Shop 'til You Drop - Shanghai Style

by Nancy Bestor

Shopping in Shanghai is not for the timid. Great deals can be had on a variety of items, but the price you pay is ultimately your responsibility. You can pay what is later determined to be “way overpriced,” or you can haggle, and get the cost down to a “reasonable” level. For me it was often not until I was walking away with my purchase and wondering why it was so easy to make a deal that I realized I had overpaid.

There were three items that Bob and I went to Shanghai knowing we might be interested in purchasing. The first was a sport coat for Bob, the second a pair of eyeglasses for me, and the third, a few souvenir items from Dongtai Road, atwo block stretch of “antique” stalls and shops. Our friends at Yala Designs had suggested a few spots for the sport coat and eyeglasses, and it just so happened that we were in the right place at the right time, so we tried our hand at haggling.

Let me start by saying that I am a terrible haggler. Whenever presented with the opportunity to “talk someone down” on a price when visiting another country, I always feel bad for the seller, and find it hard to believe that people in the world are looking for suckers who are willing to pay hugely inflated prices for cheaply made or acquired items. (I’m pretty sure this in fact defines me as one such sucker.) But our Lonely Planet guidebook advised us that the first price many Chinese shopkeepers offer when they are trying to hook you in can be as much as 80% higher than the price they will actually settle for. Lonely Planet also suggested that you should determine the most you are willing to pay for an item before you begin bargaining. Then if you can’t get it for that price, you should walk away and try somewhere else. So we put our haggling hats on and gave it our best shot.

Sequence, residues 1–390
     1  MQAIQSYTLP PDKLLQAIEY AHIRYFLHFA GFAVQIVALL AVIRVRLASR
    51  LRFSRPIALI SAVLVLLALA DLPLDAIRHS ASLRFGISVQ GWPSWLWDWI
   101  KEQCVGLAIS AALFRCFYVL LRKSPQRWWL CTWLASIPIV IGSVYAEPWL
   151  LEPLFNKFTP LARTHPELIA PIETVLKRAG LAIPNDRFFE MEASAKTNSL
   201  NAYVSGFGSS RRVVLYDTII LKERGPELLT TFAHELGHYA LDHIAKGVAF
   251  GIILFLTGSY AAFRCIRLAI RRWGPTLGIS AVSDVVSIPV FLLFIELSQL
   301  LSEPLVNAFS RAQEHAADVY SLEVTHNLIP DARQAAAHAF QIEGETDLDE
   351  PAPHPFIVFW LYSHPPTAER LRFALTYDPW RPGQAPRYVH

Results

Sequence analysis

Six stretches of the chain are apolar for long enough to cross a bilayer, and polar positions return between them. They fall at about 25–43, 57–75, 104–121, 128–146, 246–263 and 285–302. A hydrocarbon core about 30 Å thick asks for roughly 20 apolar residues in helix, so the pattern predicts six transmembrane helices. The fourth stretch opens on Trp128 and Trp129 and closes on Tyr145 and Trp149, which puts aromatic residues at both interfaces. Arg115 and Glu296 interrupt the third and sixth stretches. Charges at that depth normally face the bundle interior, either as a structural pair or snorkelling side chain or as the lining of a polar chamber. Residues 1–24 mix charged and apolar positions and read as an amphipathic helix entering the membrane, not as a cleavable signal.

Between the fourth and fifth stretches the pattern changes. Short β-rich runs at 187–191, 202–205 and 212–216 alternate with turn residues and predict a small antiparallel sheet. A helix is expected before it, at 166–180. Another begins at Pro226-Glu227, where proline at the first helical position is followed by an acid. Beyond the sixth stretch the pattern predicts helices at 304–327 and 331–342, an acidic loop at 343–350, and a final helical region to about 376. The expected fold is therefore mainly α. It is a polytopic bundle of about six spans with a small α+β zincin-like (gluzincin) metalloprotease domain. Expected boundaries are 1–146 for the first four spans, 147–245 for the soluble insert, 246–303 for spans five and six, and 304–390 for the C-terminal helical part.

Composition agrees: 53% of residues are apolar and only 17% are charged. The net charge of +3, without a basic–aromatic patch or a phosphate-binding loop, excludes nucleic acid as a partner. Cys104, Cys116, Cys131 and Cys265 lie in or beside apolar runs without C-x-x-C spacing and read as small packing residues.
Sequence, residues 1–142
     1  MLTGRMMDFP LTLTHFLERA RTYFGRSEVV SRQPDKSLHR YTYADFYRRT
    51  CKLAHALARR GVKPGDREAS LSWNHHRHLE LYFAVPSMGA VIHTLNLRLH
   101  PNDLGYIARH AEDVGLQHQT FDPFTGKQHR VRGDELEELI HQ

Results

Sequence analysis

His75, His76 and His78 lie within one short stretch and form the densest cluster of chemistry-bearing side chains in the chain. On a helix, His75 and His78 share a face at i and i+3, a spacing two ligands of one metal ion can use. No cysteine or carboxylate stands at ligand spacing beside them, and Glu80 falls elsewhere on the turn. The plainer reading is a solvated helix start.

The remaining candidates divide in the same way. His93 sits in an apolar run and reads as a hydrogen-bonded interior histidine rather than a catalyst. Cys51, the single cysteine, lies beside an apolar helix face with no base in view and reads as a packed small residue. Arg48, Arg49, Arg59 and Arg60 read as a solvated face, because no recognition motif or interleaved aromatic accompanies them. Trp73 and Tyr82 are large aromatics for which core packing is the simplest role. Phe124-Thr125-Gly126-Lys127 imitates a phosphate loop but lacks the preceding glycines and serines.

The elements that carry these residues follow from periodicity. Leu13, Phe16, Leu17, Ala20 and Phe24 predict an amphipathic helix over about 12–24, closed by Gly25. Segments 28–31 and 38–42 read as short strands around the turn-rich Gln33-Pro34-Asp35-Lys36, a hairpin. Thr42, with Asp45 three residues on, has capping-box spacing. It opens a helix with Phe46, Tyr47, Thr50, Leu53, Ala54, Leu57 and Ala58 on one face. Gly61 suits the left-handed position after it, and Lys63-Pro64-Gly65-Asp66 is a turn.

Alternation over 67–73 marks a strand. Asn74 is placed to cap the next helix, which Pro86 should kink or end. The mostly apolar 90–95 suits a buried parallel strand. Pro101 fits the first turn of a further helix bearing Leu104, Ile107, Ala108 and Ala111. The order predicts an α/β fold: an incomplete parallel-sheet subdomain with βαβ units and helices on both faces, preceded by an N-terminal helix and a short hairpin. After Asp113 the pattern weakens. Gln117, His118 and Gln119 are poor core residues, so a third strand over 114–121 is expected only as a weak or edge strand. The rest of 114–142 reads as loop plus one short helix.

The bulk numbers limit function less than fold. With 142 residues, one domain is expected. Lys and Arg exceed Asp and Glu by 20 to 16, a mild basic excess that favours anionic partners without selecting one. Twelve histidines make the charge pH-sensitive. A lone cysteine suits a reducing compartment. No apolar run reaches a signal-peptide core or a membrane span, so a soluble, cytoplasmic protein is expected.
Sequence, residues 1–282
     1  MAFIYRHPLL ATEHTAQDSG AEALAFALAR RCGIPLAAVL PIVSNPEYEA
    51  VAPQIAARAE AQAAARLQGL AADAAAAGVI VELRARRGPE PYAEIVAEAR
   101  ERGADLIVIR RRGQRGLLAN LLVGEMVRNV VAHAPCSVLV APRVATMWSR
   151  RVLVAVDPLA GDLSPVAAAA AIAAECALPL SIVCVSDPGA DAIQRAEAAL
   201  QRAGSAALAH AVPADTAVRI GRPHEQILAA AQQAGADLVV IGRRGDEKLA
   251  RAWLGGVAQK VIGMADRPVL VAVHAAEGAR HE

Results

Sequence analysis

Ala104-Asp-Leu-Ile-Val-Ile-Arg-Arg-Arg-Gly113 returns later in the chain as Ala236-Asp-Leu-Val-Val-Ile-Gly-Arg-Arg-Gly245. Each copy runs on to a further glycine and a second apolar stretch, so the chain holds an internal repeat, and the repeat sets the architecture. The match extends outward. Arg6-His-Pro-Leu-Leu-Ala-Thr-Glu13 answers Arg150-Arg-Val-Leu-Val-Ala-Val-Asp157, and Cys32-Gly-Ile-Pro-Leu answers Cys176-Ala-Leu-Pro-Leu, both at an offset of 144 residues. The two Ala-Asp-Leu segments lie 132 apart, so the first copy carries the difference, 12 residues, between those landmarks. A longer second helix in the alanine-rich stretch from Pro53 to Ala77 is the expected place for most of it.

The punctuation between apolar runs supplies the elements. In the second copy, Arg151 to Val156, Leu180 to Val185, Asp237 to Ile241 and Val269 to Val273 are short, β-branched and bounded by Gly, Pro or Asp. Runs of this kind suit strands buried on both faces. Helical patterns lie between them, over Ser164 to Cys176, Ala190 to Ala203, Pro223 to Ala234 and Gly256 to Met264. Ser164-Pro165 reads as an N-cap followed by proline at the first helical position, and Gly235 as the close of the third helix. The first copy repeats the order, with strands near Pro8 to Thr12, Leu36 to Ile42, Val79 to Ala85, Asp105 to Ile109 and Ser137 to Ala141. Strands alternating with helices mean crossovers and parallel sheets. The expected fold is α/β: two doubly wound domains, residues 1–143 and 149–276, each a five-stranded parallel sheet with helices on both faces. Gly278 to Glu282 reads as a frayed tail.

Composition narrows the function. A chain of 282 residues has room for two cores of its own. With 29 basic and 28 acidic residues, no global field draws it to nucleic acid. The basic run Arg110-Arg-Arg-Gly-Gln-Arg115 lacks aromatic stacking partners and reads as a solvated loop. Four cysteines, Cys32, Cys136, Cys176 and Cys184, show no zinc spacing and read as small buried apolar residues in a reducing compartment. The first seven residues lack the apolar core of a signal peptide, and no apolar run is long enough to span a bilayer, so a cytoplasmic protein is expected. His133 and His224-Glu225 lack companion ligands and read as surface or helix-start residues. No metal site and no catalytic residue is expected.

The first item we haggled for was a four-inch copper Buddha statue on Dongtai Road. Our seller was an older woman who looked like someone’s sweet grandma. That was my first mistake. I thought $6 was about the max I was willing to pay for this item, but she started with 130 yuan, about $21. My second mistake was typing 36 yuan as my “best price” into her calculator on my firstgo round. Bob was astonished (to put it mildly) that I put in my final price right at the start, but as I said, I AM A TERRIBLE HAGGLER. When she read my price she clutched at her chest as if she were having a heart attack and started babbling in Chinese, thus making me think my price really was crazy. And that was my third mistake. While I did end up with a regal, four-inch copper Buddha, I paid $11 for it. I’m almost certain I could get the same statue here in the U.S. at Cost Plus for cheaper. Lesson learned.

We went on to buy a few other things at different stalls in the “antique” market. We bought a poster of Chairman Mao for $2. And we bought our daughters locket necklaces with watches for $4. In both cases, I began the process willing to pay a dollar or two more than I did, so I felt like I got a couple of good deals. It was still pretty easy though, so someone who drives a hard bargain likely could have purchased them for even cheaper.